By visiting various tables that are set up around Van Saun County Park, Paramus, seniors are able to speak with representatives and obtain informational literature from a variety of government and several other types of agencies. The picnic acts as an excellent resource for the senior population of Bergen County.

Old Barracks Museum


During the French and Indian War, from 1755 and 1763, British soldiers were sent to North America to aid colonists. Because British soldiers were quartered in people's houses, the New Jersey colonial government built five barracks in different towns for the soldiers. During the Revolutionary War, the barracks sheltered American troops and were used as a military hospital to inoculate soldiers against smallpox. Only the Trenton Barracks, built in 1758, still remains as a restored museum.

In 1776, Trenton was a manufacturing town of 100 buildings and 1,000 people, located on the main trade route between Philadelphia and New York. Toward the end of the Revolutionary War, between December 8, 1776 and January 3, 1777, two battles were fought in Trenton and the town changed hands five times. When the campaign began, the Americans, led by General George Washington, were being driven out of New Jersey. When it ended, the British had lost effective control of the colony.

With the support of several patriotic women, many who were Daughters of the American Revolution, the Old Barracks Association brought the south section of the barracks in 1902, and opened it as a museum in 1903. The state of New Jersey bought the north section in 1914 for the museum. Throughout the year, the museum offers special events, including celebrations of the Battles of Trenton, George Washington's birthday, African-American history, and women's history. Historical interpreters, wearing period dress, explain colonial and Revolutionary New Jersey. The museum's 1998 restoration re-created the barracks and hospital rooms, which are used for special school programs. The museum also has an interactive history lab, where students and the public can "visit" the workshops of the historian, curator, the historic architect, and the archaeologist.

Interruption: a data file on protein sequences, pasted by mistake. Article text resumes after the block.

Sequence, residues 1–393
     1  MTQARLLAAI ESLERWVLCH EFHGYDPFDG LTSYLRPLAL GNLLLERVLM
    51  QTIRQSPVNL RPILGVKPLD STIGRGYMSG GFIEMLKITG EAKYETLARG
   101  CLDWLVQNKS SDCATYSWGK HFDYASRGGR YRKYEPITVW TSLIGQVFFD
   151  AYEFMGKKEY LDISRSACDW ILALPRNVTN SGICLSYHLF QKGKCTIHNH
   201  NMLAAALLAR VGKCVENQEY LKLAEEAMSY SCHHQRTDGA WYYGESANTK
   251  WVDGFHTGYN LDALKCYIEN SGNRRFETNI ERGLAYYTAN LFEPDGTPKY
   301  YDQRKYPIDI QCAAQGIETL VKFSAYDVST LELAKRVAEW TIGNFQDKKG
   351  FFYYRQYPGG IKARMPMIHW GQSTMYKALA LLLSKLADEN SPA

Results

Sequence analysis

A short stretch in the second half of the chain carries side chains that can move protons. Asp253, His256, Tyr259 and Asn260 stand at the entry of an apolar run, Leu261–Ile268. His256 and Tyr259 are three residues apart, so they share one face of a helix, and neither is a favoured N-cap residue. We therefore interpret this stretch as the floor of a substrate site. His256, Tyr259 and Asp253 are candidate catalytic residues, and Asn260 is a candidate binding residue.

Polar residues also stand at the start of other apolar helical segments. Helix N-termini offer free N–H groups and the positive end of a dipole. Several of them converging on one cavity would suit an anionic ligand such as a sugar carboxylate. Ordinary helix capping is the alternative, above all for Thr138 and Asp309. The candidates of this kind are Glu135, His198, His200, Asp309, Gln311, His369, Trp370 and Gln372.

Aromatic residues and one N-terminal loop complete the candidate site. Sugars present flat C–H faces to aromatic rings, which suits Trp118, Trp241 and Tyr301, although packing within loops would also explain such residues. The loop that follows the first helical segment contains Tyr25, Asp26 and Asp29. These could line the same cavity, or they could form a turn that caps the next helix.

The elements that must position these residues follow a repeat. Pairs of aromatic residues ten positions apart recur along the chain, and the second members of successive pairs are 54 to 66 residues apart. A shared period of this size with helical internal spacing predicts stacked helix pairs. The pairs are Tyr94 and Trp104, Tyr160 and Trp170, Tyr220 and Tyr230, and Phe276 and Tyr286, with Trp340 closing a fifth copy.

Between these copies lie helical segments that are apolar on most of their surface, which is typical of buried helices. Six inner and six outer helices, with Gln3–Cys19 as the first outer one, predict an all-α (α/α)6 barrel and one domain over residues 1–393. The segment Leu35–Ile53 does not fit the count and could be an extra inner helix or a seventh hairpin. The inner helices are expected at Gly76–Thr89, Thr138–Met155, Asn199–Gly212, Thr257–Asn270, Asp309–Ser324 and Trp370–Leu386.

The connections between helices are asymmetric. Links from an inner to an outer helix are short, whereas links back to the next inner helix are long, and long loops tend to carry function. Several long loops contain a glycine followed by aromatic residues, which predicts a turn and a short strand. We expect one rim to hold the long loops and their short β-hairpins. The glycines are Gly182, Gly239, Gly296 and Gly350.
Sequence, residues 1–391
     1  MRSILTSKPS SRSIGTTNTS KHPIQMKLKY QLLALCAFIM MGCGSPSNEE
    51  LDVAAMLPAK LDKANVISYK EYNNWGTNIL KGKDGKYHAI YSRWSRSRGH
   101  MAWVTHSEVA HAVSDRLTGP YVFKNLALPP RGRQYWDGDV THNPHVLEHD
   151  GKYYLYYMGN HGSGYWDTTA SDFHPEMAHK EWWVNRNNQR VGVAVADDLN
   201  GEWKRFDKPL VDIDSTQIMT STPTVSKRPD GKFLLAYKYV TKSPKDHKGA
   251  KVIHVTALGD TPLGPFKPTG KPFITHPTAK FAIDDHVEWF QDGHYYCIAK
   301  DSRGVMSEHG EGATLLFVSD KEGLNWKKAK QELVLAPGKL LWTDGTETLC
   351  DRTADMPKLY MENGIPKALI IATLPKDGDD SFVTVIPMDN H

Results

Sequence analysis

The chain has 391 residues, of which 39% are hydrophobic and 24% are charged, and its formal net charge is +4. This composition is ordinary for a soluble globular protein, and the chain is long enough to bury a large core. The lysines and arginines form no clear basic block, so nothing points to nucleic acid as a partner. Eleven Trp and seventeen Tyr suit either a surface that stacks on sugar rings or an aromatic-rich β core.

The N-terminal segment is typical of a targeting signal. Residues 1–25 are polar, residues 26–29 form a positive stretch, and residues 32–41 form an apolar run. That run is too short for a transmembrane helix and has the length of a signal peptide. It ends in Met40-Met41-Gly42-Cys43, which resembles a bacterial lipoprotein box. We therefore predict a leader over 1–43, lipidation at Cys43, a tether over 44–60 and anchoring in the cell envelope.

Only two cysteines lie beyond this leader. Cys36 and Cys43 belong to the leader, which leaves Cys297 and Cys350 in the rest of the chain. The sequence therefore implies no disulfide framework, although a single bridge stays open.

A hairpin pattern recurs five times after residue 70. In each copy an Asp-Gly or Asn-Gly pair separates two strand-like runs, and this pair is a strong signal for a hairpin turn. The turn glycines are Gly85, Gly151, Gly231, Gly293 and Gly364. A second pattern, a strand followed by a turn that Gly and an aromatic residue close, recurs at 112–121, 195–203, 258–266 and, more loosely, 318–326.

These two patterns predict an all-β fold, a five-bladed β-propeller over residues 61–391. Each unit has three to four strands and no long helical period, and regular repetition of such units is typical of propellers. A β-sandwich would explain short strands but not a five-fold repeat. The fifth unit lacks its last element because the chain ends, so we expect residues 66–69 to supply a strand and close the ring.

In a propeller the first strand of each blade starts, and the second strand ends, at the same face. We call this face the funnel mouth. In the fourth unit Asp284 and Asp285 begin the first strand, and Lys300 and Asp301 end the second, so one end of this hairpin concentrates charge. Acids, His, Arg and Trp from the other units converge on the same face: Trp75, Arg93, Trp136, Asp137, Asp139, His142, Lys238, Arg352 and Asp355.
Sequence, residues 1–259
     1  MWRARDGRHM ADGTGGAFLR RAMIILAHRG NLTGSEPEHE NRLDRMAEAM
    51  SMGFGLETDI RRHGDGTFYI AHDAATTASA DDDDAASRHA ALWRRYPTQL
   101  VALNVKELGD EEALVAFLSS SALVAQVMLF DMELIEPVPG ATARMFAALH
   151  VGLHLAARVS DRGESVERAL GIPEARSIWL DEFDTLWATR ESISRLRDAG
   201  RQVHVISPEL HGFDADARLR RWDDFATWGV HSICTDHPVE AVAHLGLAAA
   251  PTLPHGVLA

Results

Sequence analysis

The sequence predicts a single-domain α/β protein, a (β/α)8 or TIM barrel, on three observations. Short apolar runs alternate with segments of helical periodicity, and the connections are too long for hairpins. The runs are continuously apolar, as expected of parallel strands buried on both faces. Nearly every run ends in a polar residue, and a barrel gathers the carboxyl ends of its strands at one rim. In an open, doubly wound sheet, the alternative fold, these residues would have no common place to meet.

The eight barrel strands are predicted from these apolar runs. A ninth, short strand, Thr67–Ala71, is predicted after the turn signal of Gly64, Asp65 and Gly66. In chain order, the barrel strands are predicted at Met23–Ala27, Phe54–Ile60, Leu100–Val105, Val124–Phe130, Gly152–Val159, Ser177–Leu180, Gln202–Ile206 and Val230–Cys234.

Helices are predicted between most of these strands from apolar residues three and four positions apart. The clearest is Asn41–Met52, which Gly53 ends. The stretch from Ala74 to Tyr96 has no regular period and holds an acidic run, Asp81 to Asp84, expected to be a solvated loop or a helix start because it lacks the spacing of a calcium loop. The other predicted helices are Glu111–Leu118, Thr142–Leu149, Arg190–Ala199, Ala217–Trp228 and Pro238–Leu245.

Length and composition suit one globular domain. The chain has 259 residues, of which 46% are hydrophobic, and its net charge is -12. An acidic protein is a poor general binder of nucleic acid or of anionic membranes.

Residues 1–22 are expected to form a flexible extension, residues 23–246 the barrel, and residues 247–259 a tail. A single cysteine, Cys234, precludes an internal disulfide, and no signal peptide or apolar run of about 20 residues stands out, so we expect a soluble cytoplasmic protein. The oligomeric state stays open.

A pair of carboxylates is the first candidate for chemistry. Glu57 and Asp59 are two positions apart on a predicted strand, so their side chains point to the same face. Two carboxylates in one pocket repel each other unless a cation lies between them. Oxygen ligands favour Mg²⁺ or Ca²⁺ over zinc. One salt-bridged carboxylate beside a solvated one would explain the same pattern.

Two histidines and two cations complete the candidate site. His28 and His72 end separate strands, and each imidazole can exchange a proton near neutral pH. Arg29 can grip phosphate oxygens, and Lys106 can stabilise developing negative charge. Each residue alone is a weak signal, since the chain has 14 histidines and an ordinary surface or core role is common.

The Raritan River Festival


Established in 1980 to raise public awareness of the river as a valuable natural resource, this two-day festival is held in New Brunswick and in Highland Park across the river. It features canoe races, specially designed "boat floats," musical entertainment, arts and crafts shows, and tours of the historic waterfront via water taxi. Displays in Boyd Park educate visitors on the history and restoration of the Delaware and Raritan Canal and towpath. An entire section of the park is set aside for children's activities, and a free children's book of activities designed to teach about the history, geography, ecology, and wildlife of the river basin is distributed. Each year more than 30,000 visitors attend the festival. In 1980 folk singer Pete Seeger sailed down the Hudson River from New York to New Jersey on his sloop "Woody Guthrie", arriving in New Brunswick to help kick off the first Raritan River Festival. Since then, Seeger and many other nationally known performers have provided the entertainment.

Source: Library Of Congress